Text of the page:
In this study, we designed and tested different VSV-EBOV-based vaccine vectors expressing different versions of the H5N1 HA (A/Vietnam/1203/2004 (VN/1203)) to demonstrate the feasibility of the platform for a fast-acting pan-H5 vaccine. Mice were vaccinated with a single dose or prime/boost regimen of the different vaccine candidates and challenged with a lethal dose of homologous H5N1 virus. We found that a single vaccination with VSV-vectors expressing the full-length HA (HAfl) induced cross-reactive H5-specific antibodies and conferred complete protection against lethal challenge with various H5 clade 2 viruses. Furthermore, a single dose of these vaccine vectors provided uniform protection in mice against lethal H5N1 challenge within 3 days after vaccination.


Construction and characterization of VSV vaccine vectors

We generated VSV-based H5 vaccine vectors by inserting either the full-length open reading frame (ORF) of the H5N1 HAfl (VN/1203) or a soluble version of this gene lacking the transmembrane and cytoplasmic domains but carrying a mutated single-basic cleavage site to prevent cleavage in the cells and a GCN4 leucine zipper domain (sHAzip) for stabilization of the trimeric structure into the VSV-EBOV vector34,35 (Fig. 1a). This sHAzip antigen has previously been shown to be protective in chickens as a subunit vaccine.34 We also generated a VSV vector expressing the H5N1 HAfl alone without the EBOV GP (VSV-HAfl; Fig. 1a)36 in order to control for the contribution of the EBOV GP to vaccine efficacy. Expression of the different H5 antigens from the VSV vectors was confirmed by subjecting the supernatant of infected cells to SDS-PAGE and immunoblotting (Fig. 1b, Supplementary Fig. 1). First, we showed the presence of VSV particles by detecting the VSV matrix (M) protein in the supernatant of infected cells (Fig. 1b, Supplementary Fig. 1). The incorporation of EBOV GP into VSV particles differed among the vectors and was, as expected, highest for VSV-EBOV for which it is the only surface protein and antigen encoded by this vector (Fig. 1b, Supplementary Fig. 1). Expression of sHAzip was verified by detecting the non-cleaved sHA0 precursor likely secreted from infected cells. HAfl expression was demonstrated by detecting the furin-cleaved fragment HA1 in mature spikes on VSV particles. As expected, the incorporation of HAfl into recombinant VSV particles was much stronger for VSV-HAfl compared to VSV-EBOV-HAfl, likely because it is the only surface GP and encoded antigen in the VSV vector.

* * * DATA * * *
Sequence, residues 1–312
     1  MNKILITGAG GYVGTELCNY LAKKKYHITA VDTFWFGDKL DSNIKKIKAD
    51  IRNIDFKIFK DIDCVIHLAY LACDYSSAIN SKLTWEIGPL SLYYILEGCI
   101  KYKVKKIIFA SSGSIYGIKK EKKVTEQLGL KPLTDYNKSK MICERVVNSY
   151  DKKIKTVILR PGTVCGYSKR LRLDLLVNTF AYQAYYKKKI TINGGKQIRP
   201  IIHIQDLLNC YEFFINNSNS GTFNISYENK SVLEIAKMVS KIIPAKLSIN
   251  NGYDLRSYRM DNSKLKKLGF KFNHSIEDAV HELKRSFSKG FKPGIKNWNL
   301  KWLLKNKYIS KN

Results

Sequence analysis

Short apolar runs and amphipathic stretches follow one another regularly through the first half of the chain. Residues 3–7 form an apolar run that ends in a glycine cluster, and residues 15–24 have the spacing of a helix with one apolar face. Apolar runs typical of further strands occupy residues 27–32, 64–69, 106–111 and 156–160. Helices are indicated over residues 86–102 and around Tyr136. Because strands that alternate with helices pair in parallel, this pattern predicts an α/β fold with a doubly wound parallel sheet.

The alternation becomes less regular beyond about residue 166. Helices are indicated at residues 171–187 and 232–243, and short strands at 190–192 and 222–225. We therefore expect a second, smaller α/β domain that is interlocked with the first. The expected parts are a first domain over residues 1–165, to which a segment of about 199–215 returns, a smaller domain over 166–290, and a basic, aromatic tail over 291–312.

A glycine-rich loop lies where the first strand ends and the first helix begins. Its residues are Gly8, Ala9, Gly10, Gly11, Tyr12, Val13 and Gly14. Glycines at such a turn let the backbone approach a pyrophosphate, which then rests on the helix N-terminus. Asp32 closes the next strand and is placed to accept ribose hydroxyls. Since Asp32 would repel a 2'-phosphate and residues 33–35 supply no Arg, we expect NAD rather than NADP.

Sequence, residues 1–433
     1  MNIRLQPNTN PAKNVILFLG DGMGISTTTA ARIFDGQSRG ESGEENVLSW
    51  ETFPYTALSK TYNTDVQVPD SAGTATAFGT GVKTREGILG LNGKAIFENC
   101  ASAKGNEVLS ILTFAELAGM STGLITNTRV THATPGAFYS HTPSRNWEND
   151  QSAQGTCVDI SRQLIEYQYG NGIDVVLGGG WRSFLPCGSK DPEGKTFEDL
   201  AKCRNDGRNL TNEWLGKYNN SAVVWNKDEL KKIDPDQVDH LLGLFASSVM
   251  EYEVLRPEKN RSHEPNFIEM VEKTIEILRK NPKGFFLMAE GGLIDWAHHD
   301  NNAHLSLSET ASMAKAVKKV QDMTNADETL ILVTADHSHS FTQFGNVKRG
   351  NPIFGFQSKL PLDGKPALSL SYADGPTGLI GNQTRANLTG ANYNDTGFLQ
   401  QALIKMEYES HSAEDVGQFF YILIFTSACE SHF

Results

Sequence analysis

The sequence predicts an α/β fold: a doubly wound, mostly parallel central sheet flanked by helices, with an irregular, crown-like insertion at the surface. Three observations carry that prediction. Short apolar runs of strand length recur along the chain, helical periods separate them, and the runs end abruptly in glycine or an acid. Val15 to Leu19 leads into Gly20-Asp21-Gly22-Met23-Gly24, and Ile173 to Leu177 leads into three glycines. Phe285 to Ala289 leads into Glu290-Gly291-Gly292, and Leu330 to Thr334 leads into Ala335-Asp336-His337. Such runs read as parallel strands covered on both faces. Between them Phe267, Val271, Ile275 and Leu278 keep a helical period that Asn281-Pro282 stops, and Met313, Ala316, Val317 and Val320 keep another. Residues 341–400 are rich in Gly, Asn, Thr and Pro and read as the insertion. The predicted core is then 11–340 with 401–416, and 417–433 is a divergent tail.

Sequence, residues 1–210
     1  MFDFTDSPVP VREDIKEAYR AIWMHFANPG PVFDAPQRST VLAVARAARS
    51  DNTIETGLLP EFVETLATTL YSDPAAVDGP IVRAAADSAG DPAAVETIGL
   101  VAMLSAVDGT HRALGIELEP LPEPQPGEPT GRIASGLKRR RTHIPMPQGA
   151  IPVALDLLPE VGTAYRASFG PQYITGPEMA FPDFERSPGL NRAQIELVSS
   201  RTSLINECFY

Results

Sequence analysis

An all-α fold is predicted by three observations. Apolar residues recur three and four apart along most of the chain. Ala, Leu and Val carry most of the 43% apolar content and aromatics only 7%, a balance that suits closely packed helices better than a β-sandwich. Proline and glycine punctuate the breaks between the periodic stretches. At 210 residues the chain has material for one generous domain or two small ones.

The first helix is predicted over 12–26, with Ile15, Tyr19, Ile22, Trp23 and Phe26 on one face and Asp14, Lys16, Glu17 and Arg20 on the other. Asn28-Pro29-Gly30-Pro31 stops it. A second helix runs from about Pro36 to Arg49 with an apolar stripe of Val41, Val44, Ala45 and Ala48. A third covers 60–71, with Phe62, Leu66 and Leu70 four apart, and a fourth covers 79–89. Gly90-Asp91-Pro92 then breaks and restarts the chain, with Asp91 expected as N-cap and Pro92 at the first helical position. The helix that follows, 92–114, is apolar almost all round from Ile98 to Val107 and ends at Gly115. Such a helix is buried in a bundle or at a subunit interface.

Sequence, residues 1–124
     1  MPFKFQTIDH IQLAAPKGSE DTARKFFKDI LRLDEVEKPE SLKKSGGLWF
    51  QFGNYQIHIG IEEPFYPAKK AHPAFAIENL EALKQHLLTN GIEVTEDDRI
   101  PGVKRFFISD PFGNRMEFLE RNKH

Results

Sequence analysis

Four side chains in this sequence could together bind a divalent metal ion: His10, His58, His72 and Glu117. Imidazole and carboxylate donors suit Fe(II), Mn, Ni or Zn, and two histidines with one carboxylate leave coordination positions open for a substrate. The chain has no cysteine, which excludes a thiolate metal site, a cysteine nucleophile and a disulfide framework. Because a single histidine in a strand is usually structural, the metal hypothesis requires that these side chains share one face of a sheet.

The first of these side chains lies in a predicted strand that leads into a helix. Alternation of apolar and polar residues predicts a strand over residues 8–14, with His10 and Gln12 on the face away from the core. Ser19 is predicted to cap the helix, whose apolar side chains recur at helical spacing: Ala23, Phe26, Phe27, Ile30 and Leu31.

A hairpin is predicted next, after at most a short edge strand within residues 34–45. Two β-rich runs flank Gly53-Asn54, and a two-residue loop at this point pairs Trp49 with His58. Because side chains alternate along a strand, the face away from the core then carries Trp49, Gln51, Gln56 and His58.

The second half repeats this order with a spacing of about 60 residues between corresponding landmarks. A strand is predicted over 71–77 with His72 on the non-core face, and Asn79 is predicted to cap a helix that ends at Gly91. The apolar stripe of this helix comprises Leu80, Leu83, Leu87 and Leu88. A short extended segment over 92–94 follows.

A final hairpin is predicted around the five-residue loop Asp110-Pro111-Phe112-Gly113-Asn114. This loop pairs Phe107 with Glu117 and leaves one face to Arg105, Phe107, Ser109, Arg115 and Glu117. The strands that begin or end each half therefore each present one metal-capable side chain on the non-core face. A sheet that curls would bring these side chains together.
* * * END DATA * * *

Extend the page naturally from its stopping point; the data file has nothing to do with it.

Fig. 1: Design and in vitro characterization of VSV vectors.
figure 1

a Schematic representation of VSV-HA vectors. N nucleoprotein, P phosphoprotein, M matrix protein, EBOV GP Ebola virus glycoprotein, L polymerase, sHAzip soluble HA protein with trimerization sequence, HAfl full-length HA protein. b Western Blot analysis confirmed the presence of HA, EBOV GP, and VSV M in the supernatant of infected Vero E6 cells. Relevant parts of the gels are shown. For uncropped gel images, see Supplementary Fig. 1. c Growth kinetics of VSVs propagated on Vero E6 cells. The mean and standard deviation of one experiment performed in triplicates are shown. Statistically significant differences are indicated (p < 0.0001 (****)).